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4 Answers

Paid Internship 1099-misc taxed?

Asked by: proffr 764 views YA Discussion

Hi,

I received a 1099-misc following a paid internship that I did last fall – the income was untaxed so I am supposed to pay taxes on it, understandable – but I am curious if I have any deductions/credits that I can apply to this since I paid $ 3000 in tuition to receive credit for the internship. I’m a grad student and know about the Lifetime Learning Credit, etc. but really am just curious if the 3000 can be deducted from the 1099-misc as part of the ‘gross income’ or if it has to be filed in a different category and I can use the 3000 as a deduction for work related costs, etc. The company gave me internship credit but they paid me as a “freelance” worker if that makes sense – so should I file this income as an independent contractor? I received a decent amount of pay so I am going to end up owing quite a bit in taxes for it and want to make certain I file correctly. (I will likely hire a personal accountant but want to have all the info ready before going in)

Thank you!

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4 Answers



  1. figment_usa on Feb 27, 2013 Reply

    The 1099-Misc will be filed on Schedule C, so you will owe income tax and self employment tax on the income.

    The $ 3,000 tuition you paid for the internship is the same as any other tuition you paid. You can’t deduct it as a business expense to offset the 1099 income, but you can use it toward the lifetime learning credit if you otherwise qualify.

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  2. Bobbie on Feb 27, 2013 Reply

    ORDINARY and NECESSARY business expenses with daily written records of the actual business related expense and the separate personal expense part for this purpose and time in your life.
    http://www.irs.gov use the search box for Deducting Business Expenses
    Business expenses are the cost of carrying on a trade or business. These expenses are usually deductible if the business is operated to make a profit.
    Independent contractors report their income on Schedule C (Form 1040) (PDF), Profit or Loss from Business (Sole Proprietorship), however you may qualify to use Schedule C-EZ (Form 1040) (PDF), Net Profit from Business (Sole Proprietorship).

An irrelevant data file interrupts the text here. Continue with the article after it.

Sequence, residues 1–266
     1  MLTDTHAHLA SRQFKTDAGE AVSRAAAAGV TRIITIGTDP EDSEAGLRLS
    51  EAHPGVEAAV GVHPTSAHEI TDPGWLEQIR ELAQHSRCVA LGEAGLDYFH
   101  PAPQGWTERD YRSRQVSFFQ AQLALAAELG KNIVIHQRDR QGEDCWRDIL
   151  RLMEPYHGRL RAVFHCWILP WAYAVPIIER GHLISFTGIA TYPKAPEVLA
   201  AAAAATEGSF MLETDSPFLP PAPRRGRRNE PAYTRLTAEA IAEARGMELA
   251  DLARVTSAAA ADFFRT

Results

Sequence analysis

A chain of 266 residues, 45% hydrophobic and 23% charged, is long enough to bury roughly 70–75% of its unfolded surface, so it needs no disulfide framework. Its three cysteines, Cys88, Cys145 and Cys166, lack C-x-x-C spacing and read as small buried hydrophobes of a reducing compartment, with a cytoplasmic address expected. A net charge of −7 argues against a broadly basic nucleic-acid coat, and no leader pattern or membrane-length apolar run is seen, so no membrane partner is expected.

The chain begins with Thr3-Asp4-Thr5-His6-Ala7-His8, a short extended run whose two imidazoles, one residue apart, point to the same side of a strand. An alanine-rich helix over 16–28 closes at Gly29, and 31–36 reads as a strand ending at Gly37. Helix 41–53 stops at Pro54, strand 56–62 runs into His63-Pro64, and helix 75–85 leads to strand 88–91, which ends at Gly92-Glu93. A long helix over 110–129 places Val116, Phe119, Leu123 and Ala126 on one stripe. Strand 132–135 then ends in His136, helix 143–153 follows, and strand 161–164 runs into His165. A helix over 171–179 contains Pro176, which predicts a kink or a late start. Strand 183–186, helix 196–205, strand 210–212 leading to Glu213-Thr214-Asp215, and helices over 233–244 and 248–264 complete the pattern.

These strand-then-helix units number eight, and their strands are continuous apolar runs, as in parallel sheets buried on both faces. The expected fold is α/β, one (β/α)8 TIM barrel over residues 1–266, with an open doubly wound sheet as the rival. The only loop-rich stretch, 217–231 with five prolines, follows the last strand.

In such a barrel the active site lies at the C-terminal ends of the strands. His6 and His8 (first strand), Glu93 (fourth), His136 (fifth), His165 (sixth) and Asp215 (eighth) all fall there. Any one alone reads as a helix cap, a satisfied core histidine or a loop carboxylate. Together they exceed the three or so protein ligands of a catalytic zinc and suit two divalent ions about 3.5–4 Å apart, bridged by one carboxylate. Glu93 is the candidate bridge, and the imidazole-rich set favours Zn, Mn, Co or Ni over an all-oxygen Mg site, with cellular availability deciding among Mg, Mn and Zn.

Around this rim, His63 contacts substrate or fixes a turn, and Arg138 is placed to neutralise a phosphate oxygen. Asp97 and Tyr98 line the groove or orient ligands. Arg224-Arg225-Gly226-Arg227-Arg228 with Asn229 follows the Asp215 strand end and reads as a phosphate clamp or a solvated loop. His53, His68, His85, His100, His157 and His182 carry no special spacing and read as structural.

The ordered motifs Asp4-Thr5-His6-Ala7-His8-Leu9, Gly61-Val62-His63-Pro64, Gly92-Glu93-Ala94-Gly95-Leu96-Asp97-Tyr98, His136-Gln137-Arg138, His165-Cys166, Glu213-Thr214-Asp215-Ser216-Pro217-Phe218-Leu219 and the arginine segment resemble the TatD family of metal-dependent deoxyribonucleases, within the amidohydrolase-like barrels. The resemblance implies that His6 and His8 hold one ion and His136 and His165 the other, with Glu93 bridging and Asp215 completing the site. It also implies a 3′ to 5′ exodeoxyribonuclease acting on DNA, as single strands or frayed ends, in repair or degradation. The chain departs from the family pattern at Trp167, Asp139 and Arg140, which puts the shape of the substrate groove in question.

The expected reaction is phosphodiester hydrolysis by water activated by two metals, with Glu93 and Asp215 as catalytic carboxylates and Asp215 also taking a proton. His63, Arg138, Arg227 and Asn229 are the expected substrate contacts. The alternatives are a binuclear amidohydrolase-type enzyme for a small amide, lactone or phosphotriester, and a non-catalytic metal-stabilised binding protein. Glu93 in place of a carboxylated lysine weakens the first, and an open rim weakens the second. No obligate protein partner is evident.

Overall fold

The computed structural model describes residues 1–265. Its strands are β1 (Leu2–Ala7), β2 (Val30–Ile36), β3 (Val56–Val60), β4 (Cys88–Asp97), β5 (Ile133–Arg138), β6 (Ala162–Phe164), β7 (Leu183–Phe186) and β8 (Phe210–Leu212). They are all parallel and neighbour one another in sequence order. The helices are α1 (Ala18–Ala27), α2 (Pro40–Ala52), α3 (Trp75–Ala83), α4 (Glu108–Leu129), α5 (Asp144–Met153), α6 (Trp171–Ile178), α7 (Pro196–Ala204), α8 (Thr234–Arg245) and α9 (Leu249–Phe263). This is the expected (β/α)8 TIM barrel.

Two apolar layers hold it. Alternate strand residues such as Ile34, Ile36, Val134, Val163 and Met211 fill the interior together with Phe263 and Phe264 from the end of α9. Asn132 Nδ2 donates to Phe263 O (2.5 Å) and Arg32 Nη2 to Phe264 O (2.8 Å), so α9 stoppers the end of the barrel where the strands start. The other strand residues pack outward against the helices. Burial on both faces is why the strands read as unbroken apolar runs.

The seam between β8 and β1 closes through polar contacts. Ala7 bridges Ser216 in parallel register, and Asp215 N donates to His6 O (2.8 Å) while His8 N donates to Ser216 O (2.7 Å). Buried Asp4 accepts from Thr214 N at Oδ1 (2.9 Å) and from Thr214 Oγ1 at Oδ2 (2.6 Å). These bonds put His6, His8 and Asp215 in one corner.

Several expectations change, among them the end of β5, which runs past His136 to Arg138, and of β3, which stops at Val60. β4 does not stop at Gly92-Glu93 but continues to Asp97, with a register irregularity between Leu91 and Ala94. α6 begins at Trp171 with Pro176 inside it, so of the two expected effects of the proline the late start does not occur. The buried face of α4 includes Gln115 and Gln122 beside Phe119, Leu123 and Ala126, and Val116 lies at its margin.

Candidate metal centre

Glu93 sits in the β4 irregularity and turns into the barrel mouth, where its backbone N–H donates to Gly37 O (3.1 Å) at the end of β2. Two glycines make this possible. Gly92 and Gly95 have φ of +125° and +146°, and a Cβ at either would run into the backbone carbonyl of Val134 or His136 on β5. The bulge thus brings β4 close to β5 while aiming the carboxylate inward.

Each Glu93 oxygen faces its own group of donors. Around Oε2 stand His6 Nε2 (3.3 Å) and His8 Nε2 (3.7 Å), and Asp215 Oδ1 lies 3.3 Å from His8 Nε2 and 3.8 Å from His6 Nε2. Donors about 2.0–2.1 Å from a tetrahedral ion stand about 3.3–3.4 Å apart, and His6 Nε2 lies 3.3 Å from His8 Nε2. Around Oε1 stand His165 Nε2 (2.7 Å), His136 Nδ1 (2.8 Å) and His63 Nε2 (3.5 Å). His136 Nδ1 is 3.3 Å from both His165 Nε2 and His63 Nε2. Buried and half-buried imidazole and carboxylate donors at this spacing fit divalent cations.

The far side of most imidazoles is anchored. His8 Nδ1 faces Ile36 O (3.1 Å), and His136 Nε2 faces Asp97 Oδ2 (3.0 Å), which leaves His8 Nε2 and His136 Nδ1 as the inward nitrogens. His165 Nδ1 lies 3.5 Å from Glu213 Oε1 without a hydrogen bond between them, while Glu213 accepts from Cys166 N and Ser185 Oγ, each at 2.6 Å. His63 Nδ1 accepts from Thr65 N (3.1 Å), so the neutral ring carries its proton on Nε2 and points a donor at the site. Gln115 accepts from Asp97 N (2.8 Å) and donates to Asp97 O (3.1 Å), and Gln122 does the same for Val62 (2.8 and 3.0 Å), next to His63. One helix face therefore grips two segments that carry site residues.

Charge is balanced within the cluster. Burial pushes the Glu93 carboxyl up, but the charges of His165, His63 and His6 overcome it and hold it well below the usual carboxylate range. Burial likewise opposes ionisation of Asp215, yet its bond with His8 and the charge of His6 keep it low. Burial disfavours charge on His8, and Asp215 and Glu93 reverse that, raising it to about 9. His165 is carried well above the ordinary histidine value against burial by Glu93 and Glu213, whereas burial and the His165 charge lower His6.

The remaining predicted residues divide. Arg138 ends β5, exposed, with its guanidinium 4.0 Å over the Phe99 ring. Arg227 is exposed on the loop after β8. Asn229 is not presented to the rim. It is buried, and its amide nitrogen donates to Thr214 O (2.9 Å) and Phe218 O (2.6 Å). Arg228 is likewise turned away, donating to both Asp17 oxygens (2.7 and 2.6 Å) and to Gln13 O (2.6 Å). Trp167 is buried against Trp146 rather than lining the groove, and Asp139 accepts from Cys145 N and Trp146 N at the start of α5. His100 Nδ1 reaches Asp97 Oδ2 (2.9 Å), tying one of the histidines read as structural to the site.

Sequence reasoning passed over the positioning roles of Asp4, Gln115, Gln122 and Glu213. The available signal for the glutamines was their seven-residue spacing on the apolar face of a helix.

You should also be aware of Schedule SE (Form 1040) (PDF), Self-Employment Tax, which must be filed if net earnings from self-employment are $ 400 or more. This form is used to figure your social security and Medicare tax which is based on your net self-employment income.
    Use the search box at the http://www.is.gov website for Self-Employed Individuals Tax Center

    http://www.irs.gov/Businesses/Small-Businesses-&-Self-Employed/Self-Employed-Individuals-Tax-Center

    Additional Information: Use the search box at the http://www.irs.gov website for the below referenced items
    Publication 334, Tax Guide for Small Business
    Tax Information for Businesses

    http://www.irs.gov/publications/p334/index.ht…

    Hope that you find the above enclosed information useful. 02/26/2013

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  3. Mark M on Feb 27, 2013 Reply

    Normally you add in the 1099 and it is added into your gross income. You then can use the 3000 for the tax credit. The tax credit gives you more bang for the buck.

    You can also list the 1099 on schedule C as a business. You then can can subtract some expenses off the top of your gross. If all else fails, you can take a deduction.

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  4. tro on Feb 27, 2013 Reply

    this is reported on Sch C and if you had an expenses related to making that money, they can be claimed on that form
    a freelance writer? do you have writing supplies you have to provide, or whatever your job is, are there any expenses related to it
    your only tax will be your self employment tax

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